Do you know that even today that case has not finally come to resolution, that she is before the tribunal and has been before the tribunal, and that this government has sent lawyers, often four lawyers at a time, to the tribunal, day in, day out, when it sits, to try and argue that the case shouldn't be heard? Before the Auton case came down, the government lawyers argued that the case shouldn't be heard because the Auton decision at the federal level in the Supreme Court would have an impact on the case, that the case shouldn't be heard because the Human Rights Tribunal didn't have jurisdiction to hear the case, and on and on and on. This is what has happened to one parent and one child with respect to their complaint.

After Ms. Whitney went forward and launched her complaint, some 112 other families also followed suit. They have joined their complaints with hers, so now all of the cases are being heard together. But isn't it a sad state of affairs that in the province of Ontario, these many years later, the tribunal has yet to render a final decision in this important case, primarily because this government, through its lawyers, has done everything it possibly can to stymie this case from going forward?

After I met Norrah, I met many other families with autistic children whose children were also being cut off IBI treatment at the age of six, even though they needed it. Before the last election, a number of those families very courageously came to Queen's Park, sat in the gallery and allowed me to use their example and the case of their son or daughter to point out to the previous government how unfair, unjust and discriminatory it was that a child who needed treatment should be cut off that treatment merely because they turned age six. Members who were here before the last election would remember those parents being here, would remember the questions I raised, first to Mr. Baird and then to Ms. Elliott. In fact, a number of them who were here, if they were sitting on this side, in the Liberal benches, would remember agreeing with me and arguing with the ministers of the day, Ms. Elliott in particular, that it was unfair and discriminatory for these children to be cut off their treatment at age six.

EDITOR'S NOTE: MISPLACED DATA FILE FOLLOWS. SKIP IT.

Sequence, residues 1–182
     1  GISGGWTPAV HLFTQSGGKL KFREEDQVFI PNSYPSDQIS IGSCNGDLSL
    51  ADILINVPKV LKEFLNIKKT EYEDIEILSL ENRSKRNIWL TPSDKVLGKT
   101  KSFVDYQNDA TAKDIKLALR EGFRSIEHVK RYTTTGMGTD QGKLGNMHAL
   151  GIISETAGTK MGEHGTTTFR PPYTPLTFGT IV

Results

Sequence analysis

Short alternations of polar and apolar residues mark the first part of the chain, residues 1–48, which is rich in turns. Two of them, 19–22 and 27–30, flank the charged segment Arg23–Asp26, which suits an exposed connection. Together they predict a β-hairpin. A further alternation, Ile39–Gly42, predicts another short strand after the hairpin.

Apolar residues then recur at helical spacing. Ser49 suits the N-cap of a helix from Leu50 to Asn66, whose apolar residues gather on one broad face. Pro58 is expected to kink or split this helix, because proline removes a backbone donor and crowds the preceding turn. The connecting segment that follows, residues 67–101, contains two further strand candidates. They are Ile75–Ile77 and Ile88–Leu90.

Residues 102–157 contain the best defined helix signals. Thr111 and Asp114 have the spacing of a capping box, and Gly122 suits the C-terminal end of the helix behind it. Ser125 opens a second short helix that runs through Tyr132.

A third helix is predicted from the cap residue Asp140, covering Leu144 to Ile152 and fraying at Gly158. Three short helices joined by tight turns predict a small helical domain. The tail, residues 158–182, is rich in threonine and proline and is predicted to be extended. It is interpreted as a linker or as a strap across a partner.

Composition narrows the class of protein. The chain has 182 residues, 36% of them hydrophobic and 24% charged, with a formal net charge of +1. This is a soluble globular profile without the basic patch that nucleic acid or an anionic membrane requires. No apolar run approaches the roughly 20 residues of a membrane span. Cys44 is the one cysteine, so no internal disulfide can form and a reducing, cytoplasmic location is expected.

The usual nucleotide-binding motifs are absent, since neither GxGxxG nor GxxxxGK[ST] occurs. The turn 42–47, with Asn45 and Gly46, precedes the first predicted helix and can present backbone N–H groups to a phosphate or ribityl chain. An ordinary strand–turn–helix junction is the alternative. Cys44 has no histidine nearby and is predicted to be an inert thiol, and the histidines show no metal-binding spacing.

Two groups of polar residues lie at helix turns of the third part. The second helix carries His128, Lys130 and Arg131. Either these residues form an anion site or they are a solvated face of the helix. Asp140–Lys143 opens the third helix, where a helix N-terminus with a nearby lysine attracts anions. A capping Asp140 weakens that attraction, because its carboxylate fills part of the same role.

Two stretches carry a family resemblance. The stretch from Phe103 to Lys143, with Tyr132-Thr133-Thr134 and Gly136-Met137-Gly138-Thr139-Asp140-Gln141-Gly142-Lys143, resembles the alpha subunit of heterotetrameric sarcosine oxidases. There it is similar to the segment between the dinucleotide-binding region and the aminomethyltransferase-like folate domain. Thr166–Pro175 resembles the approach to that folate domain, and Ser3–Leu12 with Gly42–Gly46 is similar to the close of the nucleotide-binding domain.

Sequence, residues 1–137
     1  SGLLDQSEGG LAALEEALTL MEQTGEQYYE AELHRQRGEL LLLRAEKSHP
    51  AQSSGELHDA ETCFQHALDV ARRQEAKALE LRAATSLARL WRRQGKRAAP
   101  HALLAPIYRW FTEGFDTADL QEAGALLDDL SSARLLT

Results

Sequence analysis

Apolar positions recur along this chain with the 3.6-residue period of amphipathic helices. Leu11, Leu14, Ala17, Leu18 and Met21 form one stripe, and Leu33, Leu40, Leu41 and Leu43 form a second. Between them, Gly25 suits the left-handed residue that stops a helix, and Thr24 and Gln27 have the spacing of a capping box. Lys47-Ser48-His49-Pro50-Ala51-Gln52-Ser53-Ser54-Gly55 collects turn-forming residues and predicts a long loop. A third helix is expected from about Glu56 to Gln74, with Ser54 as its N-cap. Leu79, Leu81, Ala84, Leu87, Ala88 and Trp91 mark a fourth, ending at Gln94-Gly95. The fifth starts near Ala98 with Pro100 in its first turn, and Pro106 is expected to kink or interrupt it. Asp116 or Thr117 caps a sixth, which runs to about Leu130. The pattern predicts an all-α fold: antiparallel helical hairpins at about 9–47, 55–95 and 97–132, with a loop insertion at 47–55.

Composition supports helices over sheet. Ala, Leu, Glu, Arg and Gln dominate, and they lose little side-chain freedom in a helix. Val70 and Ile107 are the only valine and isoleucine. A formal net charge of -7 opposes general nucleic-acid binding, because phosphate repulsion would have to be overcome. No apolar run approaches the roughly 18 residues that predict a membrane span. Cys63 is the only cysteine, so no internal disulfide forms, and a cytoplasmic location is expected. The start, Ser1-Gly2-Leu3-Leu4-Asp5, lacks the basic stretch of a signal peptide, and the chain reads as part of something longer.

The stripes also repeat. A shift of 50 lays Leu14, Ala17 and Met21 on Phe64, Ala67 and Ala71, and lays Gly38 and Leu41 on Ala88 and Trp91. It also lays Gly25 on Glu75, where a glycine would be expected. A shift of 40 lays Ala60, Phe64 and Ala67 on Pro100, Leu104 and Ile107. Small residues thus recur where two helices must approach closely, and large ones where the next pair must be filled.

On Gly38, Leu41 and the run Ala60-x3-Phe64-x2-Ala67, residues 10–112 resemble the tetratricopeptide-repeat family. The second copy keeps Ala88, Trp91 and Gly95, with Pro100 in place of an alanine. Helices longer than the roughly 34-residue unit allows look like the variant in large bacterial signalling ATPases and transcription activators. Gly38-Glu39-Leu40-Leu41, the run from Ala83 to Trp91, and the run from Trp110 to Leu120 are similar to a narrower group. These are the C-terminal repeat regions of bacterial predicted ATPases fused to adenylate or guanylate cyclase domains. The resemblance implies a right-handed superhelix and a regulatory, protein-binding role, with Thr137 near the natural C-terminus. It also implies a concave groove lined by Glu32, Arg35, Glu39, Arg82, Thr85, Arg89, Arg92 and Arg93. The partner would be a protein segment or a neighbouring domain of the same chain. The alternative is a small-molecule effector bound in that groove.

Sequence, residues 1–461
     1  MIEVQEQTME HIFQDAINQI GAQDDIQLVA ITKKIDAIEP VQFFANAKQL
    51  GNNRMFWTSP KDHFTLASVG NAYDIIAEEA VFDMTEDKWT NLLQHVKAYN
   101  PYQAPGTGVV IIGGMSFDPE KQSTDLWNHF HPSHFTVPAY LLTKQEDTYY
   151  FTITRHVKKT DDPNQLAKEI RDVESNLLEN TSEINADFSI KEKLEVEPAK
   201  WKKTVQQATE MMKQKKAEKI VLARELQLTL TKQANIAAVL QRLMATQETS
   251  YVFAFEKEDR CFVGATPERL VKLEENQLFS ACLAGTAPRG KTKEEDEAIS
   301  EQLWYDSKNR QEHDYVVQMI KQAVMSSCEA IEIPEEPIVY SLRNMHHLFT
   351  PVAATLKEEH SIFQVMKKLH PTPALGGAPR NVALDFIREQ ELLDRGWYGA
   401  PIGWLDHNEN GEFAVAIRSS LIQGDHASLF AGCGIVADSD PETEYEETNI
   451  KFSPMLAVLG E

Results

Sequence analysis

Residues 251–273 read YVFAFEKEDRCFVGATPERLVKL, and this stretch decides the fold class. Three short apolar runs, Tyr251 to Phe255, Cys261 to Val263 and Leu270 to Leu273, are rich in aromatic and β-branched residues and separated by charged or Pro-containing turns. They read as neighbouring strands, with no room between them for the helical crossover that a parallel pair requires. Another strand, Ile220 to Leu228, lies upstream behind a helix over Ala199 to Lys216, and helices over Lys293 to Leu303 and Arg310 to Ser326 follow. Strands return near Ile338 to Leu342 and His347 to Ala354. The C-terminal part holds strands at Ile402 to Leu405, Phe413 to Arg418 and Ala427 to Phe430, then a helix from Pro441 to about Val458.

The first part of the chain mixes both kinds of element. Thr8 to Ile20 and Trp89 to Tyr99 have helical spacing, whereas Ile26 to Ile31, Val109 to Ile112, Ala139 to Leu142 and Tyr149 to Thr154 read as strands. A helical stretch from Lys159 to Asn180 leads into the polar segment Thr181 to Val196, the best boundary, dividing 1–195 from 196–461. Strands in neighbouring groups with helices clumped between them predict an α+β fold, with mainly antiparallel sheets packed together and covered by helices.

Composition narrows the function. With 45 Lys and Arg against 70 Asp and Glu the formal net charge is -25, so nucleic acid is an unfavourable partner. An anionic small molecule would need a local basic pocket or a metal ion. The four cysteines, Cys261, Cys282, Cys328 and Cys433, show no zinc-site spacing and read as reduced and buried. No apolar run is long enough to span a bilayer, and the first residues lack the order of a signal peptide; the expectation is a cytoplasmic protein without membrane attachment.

I think it was because so much public attention was focused on these families and their plight, and how unfortunate it was and how many of them were facing financial ruin because they were trying to pay out of their own pocket the $55,000 that is sometimes necessary to get 40 hours of IBI treatment for your child -- it was because of that attention that was paid to this issue in the media that the McGuinty Liberals promised in the last election that they would do something different. Very specifically, in a letter to Nancy Morrison, who at that time was the parent of five-year-old Sean, who has autism -- in a letter to Ms. Morrison, who wrote all political parties and asked us what our position was with respect to funding IBI and with respect to the cut-off at age six -- Mr. McGuinty, right in the middle of the election campaign, September 17, 2003, wrote Nancy back and said this:

"I also believe that the lack of government-funded IBI treatment for autistic children over six is unfair and discriminatory. The Ontario Liberals support extending autism treatment beyond the age of six. We are not at all confident that the Harris-Eves Conservatives care to devise any innovative solution for autistic children over six -- especially those with best outcome possibilities that might potentially be helped within the school system with specially trained EAs.

"In government, my team and I will work with clinical directors, parents, teachers and school boards to devise a feasible way in which autistic children in our province can get the support and treatment they need. That includes children over the age of six."

I have no doubt, because parents have told me this subsequently, that many parents with autistic children voted Liberal on the basis of that promise. To their surprise and to their shock and to their dismay, no sooner had the Liberals gotten their votes and formed the government than these same Liberals broke that election promise and carried on with the same discriminatory policies that had been put in place by the Conservative government; that is to say, to continue to arbitrarily cut children off IBI treatment as soon as they turned six.

I want to read you a letter that was sent by Cynthia and Bradley Boufford of London to their MPP, Mr. Ramal, early on, because they voted Liberal in the last election and then, after the Liberals formed the government, their son Jordan got cut off IBI, just as if it were the Conservatives who were in place. This is what they had to say to Mr. Ramal:

"You are very aware that our son was discharged in May, from the IBI therapy program he was benefiting from. Do you care that over the summer, he had no IBI therapy? Do you realize that during that time, he lost skills, and did not continue to make the progress he was making with IBI therapy? Every day that passes that Jordan does not get IBI therapy is a lost opportunity for our son. He needs IBI therapy to progress. He is not learning (as we were told he would) from his peers to ask, why, how come, etc. The great Liberal plan to put a handful of consultants in the school board will do nothing for him. His needs are immediate. With IBI therapy, our son would continue to learn and progress. We do know what is best for him. We have seen how he learns. We have witnessed first-hand the progress he made with therapy and the lack of progress he has made without it....